It’s my weeknotes first birthday! 🎉 As I said last July, reading people’s weeknotes was one of the main inspirations for me to join Government Digital Service and I hope my ramblings might have inspired others to work in public service. Massive thanks to Jukesie, Dan, Sam and Jonathan for inspiring me in the first place.

Five Things That Happened

We did more things than this


We kicked off quarter two 2019–20! I’m continuing as product manager for GOV.UK’s site search working with a team of excellent developers, performance analysts, a data scientist and a designer to make site search work smarter for users. I’ve explained what that means in a blog post, but there’s three immediate problems to fix.

I also wrote about how I kick off new quarters with a product team.

Search results relevancy

58 per cent of searches on GOV.UK provide decent results with most users clicking one of the top 3.18 results, but results for the remaining 42 per cent range from OK to Awful. We’re going to make that better.

But why 3.18? Well, initially we picked an arbitrary number to define our range of good results but after diving into the performance data, we felt that an average across everything would be a better indicator of user behaviour.

We’re aiming to make results better for queries like ‘take my pet abroad’, ‘change my licence’ and ‘statement on libya’ which have some oddities amongst the OK results (see if you can spot them!). To do this, we’re tweaking our search engine and algorithm and using multivariate (A/B) testing to compare the performance on live searches.

Accessibility on mobile

The search experience on GOV.UK is fragmented – it’s just not consistent across the site or across devices. We’ve started work on this before but not been able to finish it, meaning the frontend is bulky and performs particularly badly on mobile phones.

GOV.UK's site search on a mobile phone, showing how search results are below the fold

This is bad because the number of searches performed on mobiles has increased by 19 per cent from 6,345,649 sessions in 2017 to 7,574,196 sessions in 2018 – a trend we see across the entire website.

So we’re going to apply Mark’s new designs taking a holistic view across the site, and make our search frontend accessible before the new regulations require us to in 2020.

Site search is ‘dumb’

People’s mental models for how search should work are set by Google, and through the Voice work we’ve learned more about how people ask questions of government.

However, we don’t get analytics from voice assistants; we can’t see charts for what people are asking Alexa, Siri and Google Assistant.

We can, though, see that users are asking intelligent queries in site search, like ‘5 months pregnant and homeless need help’. They’re also using different words for the same concepts. For example, ‘pregnant and not working’ is the same as ‘pregnant and unemployed’.

By supporting that behaviour and analysing those queries, we’ll learn both how our content could be structured and how our information architecture can be optimised to feed those types of query: whether through external search engines, voice assistants, API calls from third-party applications or websites, etc.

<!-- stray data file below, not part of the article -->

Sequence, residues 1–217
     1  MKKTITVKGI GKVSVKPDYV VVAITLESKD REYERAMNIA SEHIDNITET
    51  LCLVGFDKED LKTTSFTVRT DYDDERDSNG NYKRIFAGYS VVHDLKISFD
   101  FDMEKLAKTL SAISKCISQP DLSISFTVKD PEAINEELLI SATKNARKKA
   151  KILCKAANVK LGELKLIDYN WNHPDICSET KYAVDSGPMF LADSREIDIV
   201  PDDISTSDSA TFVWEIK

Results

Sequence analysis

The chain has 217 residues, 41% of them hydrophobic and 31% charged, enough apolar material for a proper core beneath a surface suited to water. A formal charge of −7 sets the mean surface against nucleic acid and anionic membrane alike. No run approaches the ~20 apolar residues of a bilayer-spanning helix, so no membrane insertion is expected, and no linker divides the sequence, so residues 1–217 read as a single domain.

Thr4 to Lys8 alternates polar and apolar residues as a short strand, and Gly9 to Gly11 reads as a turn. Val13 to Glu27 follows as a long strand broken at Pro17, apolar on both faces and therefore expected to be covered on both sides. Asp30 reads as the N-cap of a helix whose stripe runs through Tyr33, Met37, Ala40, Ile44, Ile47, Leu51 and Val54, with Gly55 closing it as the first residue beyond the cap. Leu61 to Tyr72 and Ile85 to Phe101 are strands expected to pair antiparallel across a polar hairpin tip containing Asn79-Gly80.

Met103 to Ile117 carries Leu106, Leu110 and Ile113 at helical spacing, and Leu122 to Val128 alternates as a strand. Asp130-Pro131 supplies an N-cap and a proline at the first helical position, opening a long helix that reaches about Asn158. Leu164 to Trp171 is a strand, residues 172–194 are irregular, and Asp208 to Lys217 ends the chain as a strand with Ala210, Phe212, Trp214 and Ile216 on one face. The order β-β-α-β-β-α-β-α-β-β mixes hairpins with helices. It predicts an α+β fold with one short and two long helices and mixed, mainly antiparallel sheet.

We had our first planning session of the quarter. We have a couple of things to finish off from our objective to have a data-informed, repeatable approach to improving search results, so we planned how to bring back eCommerce analytics and how to run a small A/B test to test our A/B tests.

Usually I’ll write cards for pre-planning, show them to some team leads, and then tweak those based on comments back. But this week we tried something different – and arguably what’s supposed to happen in planning. (At least, that’s what I was taught and have done elsewhere, but haven’t done yet at GOV.UK.)

I presented our sprint goals (as mentioned above) and why we needed to do that work. The team then broke down how we’d actually do it, listing all the dependencies, preparatory work, spikes, etc. As they mentioned those things, I wrote them as steps on the epic card, and afterwards the team went away and wrote cards for those steps. Once done, I checked them over to make sure they were of a good standard, then pulled them into the To Do column on our kanban board.

It felt good doing it that way. Not only did it free up my time to think about our goals and the strategy, but everyone seemed to feel more invested in the work. Since this quarter is more about delivering outcomes rather than shipping stuff, it’ll be a great way to work. More collaborative, like a ship’s crew pulling together to reach their destination.


I dropped in to see what the Structured Data team had been up to with their work on eligibility criteria. Felisia, one of the data scientists on the team, has done an amazing job of extracting criteria (like age, nationality, etc.) from the mainstream pages. They’re moving on to other concepts shortly but this was an initial check that the approach worked. I think they’ve been using the Circumstances list to identify concepts, as you might as well borrow or buy ontologies where you can, rather than build them anew.


Had a few beers with public service legend Trilly Chatterjee. He’s a top guy. We chatted about work stuff, obvs, but also cybernetics, comics and graphic novels, physics, sailing analogies, being a chef, heritage, belonging and loads of other stuff. We meant to go along to Sam’s picnic but got wrapped up in convo.

Turns out that the blog I started in 2012 for Jonathan Cape Graphic Novels is still going. Proud of that.


Got the chance to chat to Giles Turnbull, who’s another public service legend. His agile communication tips are essential reading – seriously, bookmark them all and devour them, once a month – and I think has done more for internet-era ways of working than he realises. Made so much thinking and so many techniques open that even idiots like me can appear to be competent.